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A biocube placed on the Tamae Reef off the Pacific island of Mo’orea (© David Liittschwager, all images courtesy Smithsonian Institution unless otherwise noted)

WASHINGTON, DC — Much of science is observation, being attuned to what others overlook. With just a green frame box, measuring one-by-one-by-one foot, Smithsonian scientist and photographer David Liittschwager traveled the world to document microcosms of biodiversity. Life in One Cubic Foot at the Smithsonian Institution National Museum of Natural History joins his collaged photographic portraits of life seen in the biocubes over 24 hours, as well as documentation encouraging citizen scientists to use the cube approach to discover nature in their own communities.

A biocube in place at the Hallett Nature Sanctuary in Central Park, New York City (© David Liittschwager)

A selection of creatures revealed through inventorying one cubic foot from Hallett Nature Sanctuary in Central Park, New York City (© David Liittschwager)

One cubic foot might not seem like a lot, but much of the life on our planet is tiny, including its insects, crustaceans, arachnids, and plants. Liittschwager previously published his photographs in 2012’s A World in One Cubic Foot: Portraits of Biodiversity from the University of Chicago Press.

With a team of researchers, and support from National Geographic, he photographed creatures great and small in the trees of the Cloud Forest of Costa Rica, in the leafy woods of Hallett Nature Sanctuary in Central Park, submerged in Tennessee’s Duck River, in the coral reef of Moorea, French Polynesia, beneath the waves near the Golden Gate Bridge in San Francisco, and in the shrubland of South Africa.

Cyerce nigricans, Sacaglossan sea slug, Lighthouse Reef, Moorea, French Polynesia (© David Liittschwager)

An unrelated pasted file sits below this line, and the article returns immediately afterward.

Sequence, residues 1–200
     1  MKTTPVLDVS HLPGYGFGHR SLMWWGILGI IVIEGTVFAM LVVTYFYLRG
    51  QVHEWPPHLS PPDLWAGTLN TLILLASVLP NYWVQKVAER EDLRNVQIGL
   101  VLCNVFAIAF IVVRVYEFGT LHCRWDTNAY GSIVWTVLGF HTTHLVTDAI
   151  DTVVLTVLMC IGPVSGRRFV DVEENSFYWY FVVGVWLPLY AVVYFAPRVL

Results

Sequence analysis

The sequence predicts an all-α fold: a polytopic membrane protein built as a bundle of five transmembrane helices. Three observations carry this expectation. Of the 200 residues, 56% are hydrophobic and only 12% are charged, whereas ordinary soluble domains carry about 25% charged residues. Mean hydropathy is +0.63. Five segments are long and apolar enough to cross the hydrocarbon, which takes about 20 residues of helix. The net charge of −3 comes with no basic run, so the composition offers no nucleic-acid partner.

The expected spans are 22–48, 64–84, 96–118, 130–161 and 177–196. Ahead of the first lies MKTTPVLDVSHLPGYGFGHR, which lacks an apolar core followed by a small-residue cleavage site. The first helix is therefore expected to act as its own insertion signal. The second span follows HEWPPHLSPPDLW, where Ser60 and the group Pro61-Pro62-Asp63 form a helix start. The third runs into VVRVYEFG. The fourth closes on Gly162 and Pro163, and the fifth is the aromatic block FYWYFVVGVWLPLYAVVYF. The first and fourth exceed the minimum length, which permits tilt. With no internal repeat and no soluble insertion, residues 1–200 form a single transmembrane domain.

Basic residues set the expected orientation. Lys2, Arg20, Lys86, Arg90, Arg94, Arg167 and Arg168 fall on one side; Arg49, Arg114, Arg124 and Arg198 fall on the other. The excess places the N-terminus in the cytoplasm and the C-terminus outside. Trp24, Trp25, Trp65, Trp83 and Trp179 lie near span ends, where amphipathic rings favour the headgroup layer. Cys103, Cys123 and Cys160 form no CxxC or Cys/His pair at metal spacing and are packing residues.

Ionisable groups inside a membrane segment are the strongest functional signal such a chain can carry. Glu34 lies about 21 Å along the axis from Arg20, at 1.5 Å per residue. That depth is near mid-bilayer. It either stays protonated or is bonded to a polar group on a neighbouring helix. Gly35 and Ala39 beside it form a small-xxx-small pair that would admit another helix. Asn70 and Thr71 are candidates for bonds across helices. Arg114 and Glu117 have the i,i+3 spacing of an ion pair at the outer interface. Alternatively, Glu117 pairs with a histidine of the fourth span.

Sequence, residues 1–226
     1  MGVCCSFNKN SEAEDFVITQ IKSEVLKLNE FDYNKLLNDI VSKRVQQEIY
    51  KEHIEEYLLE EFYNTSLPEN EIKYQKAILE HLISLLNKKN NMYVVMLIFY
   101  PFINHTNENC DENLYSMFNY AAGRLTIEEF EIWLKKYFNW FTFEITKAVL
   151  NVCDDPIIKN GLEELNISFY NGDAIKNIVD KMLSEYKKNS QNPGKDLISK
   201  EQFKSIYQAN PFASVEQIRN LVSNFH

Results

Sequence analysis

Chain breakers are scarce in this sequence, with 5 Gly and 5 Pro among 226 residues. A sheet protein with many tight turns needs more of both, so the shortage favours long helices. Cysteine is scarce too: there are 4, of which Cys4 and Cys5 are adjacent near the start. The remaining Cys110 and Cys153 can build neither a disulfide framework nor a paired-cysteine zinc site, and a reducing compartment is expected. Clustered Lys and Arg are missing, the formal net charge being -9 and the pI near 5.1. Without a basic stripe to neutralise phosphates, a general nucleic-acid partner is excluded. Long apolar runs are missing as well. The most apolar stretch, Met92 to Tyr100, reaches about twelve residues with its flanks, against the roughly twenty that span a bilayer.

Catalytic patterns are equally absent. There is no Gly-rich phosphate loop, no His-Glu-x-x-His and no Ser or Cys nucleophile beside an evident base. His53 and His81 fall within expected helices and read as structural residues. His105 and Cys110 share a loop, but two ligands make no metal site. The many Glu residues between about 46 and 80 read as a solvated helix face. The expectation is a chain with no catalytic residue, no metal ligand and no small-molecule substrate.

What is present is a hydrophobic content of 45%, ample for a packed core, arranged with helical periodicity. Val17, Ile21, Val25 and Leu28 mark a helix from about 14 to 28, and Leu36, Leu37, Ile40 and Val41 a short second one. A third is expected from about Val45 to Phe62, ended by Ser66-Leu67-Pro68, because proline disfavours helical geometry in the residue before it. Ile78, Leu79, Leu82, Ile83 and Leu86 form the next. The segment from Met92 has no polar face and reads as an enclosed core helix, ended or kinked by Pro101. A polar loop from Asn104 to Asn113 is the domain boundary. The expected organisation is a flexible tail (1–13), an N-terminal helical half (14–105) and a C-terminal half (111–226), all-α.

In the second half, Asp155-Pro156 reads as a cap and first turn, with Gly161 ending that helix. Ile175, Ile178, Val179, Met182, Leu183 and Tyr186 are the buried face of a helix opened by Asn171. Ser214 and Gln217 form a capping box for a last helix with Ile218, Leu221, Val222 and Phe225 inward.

As he described in his book, Liittschwager traveled with a “miniature photo studio” to take portraits of the visitors to the cube (although for larger mammals he sometimes relied on “ambassadors” from other locations, like a squirrel seen in Central Park). He writes that some were easy, like millepedes that “seemed to pose politely for the camera,” while whirligig mites “measure less than a millimeter and accelerate scarily fast (a defense mechanism), so photographing them at five times life size was a sizable task.”

In the video below, Smithsonian curator and zoologist Chris Meyer says that biocubes offer a standard amount of space, to compare places around the world, and their changes over time. They also help “by focusing your attention” so that “diversity isn’t overwhelming if you sit there and take the time, examining it, creature by creature.” And even if you don’t have the patience to sit with a cube for 24 hours (no one ever said wildlife photography was easy), the collages are reminders to take a closer look at the thriving nature of our world, whether Central Park surrounded by the urban city, or a distant tropical rainforest.

Installation view of ‘Life in One Cubic Foot’ at the Smithsonian Natural History Museum (photo by the author for Hyperallergic)

Installation view of ‘Life in One Cubic Foot’ at the Smithsonian Natural History Museum (photo by the author for Hyperallergic)

Installation view of ‘Life in One Cubic Foot’ at the Smithsonian Natural History Museum (photo by the author for Hyperallergic)

A selection of reef creatures from Mo’orea, French Polynesia revealed through inventorying one cubic foot from a reef off the coast of the Pacific island (© David Liittschwager)

A selection of midwater creatures revealed through inventorying one cubic foot from Monterey Canyon, off the coast of California (composite photo by David Liitschwager, Steve Haddock, Karen Osborn, and Monterey Bay Aquarium Research Institute)

Life in One Cubic Foot is on view at Smithsonian Institution National Museum of Natural History (10th Street & Constitution Avenue, NW, Washington, DC). The exhibition’s end date is TBA.

Allison Meier

Allison C. Meier is a former staff writer for Hyperallergic. Originally from Oklahoma, she has been covering visual culture and overlooked history for print and online media since 2006. She moonlights...